the season, while most recently Prince Nicolaos (son of the former King of Constantine of Greece) tied the knot to Tatiana Blatnik. But a rich and fiercely Greek sea-faring history means that, for the moment at least, visitors largely comprise of native socialites seeking family time, romance or sheer relaxation. Which would explain why no one bats an eyelid at aristocracy: even the late Princess Diana trod the island in privacy. A sandal-clad foot on its immaculate four kilometer promenade was enough to affirm the attraction: linen-clad holidayers sat idly in the sun doing what the Greek, I’m told, do best: whiling away the day with guilt-free abandon. It’s an art form that appears at its most glamorous outside the island’s pièce de résistance: The Poseidonion Grand Hotel (where royal wedding guests and politicians rested their heads post-celebrations). The powder-white palatial residence was built in 1914, funded by tobacco tycoon Sotirios Anargyros – a man who bought half the island, largely for Athenian socialites who descended in summer to shoot quail. Posing on an otherwise quiet promenade, it’s simply unmissable. But, as grandiose as its exterior appears, inside (sky high ceilings, immaculate tiles and soft grey walls) it is sincerely elegant yet refreshingly unfussy: a home from home that feels both comfortable and discreet. We sit on the hotel’s sea-facing terrace with a feast of Greek fare before us – fist-sized tomatoes and fat mozzarella drizzled in homemade olive oil from the hotel garden. Pressing the hotel manager on the royal wedding, he remains ever the gentleman, sharing nothing but a hint at the event’s magnitude and what draws such circles to these shores over others: “Greeks, Europeans, they love
‘It’s this sense of escape from the mainland that’s seduced public figures to leave look-at-me St Tropez or Monaco behind and play in private’ the style, the simple luxuries. It’s forever a summer getaway from the city for those who want to relax in privacy.” A horse and carriage ride around twee Spetses (the romantic in me couldn’t resist) painted a picture of this understated luxury: everything you see is unspoilt, simple, beautiful – from the perfectly white cafés to the piercing blue sky and peacock-coloured sea (so bright is the combination, my sunglasses were permanently etched on my face). Our Spetsiot driver is characteristically chatty and delighted to narrate all we pass, pausing only to toll his bell, which warns idle strollers of our speedy approach. We zip past 18th century stone villas, residents’ blushes saved by blue shutters or natural stone walls which contain everything but the far-reaching arms of lemon trees whose fruits, the size of Christmas baubles, tinker over our heads. But the restless city slicker in me can’t help but wonder what there is to do – once you’ve seen the island’s Spetses and Bouboulina Museums and mastered the simple art of balmy strolls, authentic bites and casual chatter? Ask anyone and the answer is unanimous: beach-hopping. To partake in this favoured pastime there’s only one way to travel: personal water taxi by a seasoned sailor. “Go to the coves and you can take your clothes off, swim naked and nobody will see!” laughs ours: Xavier. a former Brazilian sea captain with dark, dishevelled locks (and an eye for the island’s gazelle-like ladies) who now assumes an easier way of life sailing the royal and famous to desolate bays, sandy coves and neighbouring islets. Crash the waves, as we did, to Zogeira beach (dreamily intimate and crescent-shaped) and you’ll find startlingly unspoilt shores. The reason? Almost half of the island is now owned by a foundation which forbids further development and keeps sands unpopulated and pristine. The only downside I find is parting ways as we set sail again to another islet, 30minutes away, courtesy of our man-about-sea. It’s a spot, Xavier tells us, that’s been synonymous with sophistication for decades, a story illustrated by the preserved sea captains’ mansions we pass. Pretty as a picture, the fishing village of Hydra is another example of time stood still with no motorised transport permitted, at all. It’s a painter’s dream realised: doll-like houses climb the winding hillside while at its foot boats bob at a harbour lined with cosy cafés and one-off boutiques which beckon us back to the 21st century with irresistible ease.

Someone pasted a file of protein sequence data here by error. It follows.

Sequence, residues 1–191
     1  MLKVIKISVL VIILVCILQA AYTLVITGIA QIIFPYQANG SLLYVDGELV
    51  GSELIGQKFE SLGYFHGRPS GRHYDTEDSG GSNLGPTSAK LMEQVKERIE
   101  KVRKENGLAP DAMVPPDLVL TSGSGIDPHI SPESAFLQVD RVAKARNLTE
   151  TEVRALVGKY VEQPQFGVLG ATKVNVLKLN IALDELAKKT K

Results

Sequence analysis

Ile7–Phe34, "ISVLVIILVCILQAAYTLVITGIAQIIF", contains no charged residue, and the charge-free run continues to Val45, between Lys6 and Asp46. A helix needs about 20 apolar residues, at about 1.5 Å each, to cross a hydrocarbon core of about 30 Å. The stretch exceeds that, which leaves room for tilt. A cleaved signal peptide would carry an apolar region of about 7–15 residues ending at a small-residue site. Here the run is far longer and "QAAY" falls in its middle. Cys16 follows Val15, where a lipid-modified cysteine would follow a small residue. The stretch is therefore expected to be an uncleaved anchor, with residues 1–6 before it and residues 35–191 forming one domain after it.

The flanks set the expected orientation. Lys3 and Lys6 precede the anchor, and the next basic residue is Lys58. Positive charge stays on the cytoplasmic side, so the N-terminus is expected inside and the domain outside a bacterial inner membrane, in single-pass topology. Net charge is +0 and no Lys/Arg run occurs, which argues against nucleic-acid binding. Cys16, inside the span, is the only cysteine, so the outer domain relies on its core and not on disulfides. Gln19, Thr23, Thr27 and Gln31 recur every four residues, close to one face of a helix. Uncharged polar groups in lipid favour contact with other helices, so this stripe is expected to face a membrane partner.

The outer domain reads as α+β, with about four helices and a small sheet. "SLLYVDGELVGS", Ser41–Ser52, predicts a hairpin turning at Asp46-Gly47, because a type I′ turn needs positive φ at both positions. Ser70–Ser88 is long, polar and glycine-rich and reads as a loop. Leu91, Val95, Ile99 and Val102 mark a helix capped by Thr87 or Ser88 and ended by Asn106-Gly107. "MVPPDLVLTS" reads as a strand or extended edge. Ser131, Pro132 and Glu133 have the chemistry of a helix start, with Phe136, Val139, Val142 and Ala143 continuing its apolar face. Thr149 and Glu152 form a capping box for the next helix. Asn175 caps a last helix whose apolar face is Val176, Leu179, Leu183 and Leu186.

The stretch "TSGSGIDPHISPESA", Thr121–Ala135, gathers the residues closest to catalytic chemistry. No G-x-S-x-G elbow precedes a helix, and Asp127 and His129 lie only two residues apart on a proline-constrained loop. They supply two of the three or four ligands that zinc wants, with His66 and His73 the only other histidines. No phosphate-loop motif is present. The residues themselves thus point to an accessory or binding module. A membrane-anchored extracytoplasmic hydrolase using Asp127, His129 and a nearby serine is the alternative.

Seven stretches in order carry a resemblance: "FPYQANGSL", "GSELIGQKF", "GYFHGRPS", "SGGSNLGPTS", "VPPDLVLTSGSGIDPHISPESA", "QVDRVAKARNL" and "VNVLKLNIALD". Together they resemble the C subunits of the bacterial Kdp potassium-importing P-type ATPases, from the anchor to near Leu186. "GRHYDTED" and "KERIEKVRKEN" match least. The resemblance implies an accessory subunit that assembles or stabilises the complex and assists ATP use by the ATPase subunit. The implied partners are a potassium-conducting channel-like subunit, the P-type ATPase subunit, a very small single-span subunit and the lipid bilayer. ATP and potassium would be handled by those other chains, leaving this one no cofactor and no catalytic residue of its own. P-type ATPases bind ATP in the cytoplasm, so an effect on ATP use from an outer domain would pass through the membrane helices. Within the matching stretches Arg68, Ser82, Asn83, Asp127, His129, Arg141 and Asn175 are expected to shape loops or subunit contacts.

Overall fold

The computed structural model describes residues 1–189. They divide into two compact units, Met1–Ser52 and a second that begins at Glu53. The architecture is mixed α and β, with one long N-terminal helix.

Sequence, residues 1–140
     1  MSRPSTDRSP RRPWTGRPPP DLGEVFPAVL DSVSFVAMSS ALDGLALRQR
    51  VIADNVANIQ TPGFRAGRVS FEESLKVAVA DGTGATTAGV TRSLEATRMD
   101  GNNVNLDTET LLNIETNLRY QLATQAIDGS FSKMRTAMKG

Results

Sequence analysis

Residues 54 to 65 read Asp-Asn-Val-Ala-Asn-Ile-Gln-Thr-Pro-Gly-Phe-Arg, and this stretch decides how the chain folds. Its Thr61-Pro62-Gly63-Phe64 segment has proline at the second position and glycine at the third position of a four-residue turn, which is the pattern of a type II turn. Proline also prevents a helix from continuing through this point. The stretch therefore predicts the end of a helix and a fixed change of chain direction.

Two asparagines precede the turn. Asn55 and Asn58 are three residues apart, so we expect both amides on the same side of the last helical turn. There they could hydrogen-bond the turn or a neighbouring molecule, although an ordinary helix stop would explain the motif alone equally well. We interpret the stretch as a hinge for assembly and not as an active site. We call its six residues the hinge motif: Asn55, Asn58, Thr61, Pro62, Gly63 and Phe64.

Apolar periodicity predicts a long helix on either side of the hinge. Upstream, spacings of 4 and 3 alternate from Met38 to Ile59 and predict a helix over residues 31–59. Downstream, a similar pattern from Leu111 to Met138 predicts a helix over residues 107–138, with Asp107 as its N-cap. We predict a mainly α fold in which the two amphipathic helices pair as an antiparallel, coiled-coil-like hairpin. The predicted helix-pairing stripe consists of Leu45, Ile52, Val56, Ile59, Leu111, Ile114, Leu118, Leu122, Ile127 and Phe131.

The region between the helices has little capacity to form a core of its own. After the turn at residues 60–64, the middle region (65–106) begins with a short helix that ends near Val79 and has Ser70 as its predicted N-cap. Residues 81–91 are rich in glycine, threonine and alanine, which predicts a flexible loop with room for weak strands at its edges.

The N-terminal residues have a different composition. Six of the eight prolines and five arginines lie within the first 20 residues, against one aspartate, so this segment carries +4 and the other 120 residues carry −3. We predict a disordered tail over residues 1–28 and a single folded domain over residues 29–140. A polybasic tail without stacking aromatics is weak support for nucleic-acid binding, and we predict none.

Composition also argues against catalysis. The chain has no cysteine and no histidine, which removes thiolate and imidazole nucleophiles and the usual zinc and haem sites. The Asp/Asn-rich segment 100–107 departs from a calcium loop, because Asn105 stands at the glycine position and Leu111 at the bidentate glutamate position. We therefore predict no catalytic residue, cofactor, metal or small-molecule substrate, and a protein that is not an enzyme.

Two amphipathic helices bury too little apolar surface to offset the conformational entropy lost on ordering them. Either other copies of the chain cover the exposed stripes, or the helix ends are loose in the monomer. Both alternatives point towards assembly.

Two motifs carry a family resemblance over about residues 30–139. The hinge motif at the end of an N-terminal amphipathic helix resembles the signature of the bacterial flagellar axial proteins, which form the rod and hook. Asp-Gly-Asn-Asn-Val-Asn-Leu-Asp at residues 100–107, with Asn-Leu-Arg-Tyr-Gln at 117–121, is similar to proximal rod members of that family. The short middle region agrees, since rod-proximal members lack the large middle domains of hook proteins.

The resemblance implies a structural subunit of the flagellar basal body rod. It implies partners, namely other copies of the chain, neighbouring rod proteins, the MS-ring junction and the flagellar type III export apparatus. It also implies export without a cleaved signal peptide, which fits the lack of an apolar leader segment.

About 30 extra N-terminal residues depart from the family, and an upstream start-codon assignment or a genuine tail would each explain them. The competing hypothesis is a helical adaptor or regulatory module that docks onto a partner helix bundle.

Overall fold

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‘If you’re not a thirdgeneration Athenian the chances are these beautiful boltholes will have dipped beneath your radar’
Wandering up the hillside we find that smooth cliff edges open their arms to myriad lounges and treesheltered eateries where people tuck in to sumptuous, straight-out-of-thesea fare, and gaze across an expanse of ocean that’s broken only by yachts which glide in like oversized swans. Sitting at one such al fresco lounge, with a flat rock as my seat, a sugary iced concoction in one hand and the warm caress of a fading sun on my face, it felt not far from paradise. Couples of every age reclined in the same way, the air filled with jaunty chatter – but always interrupted by one thing: contented sighs. It’s one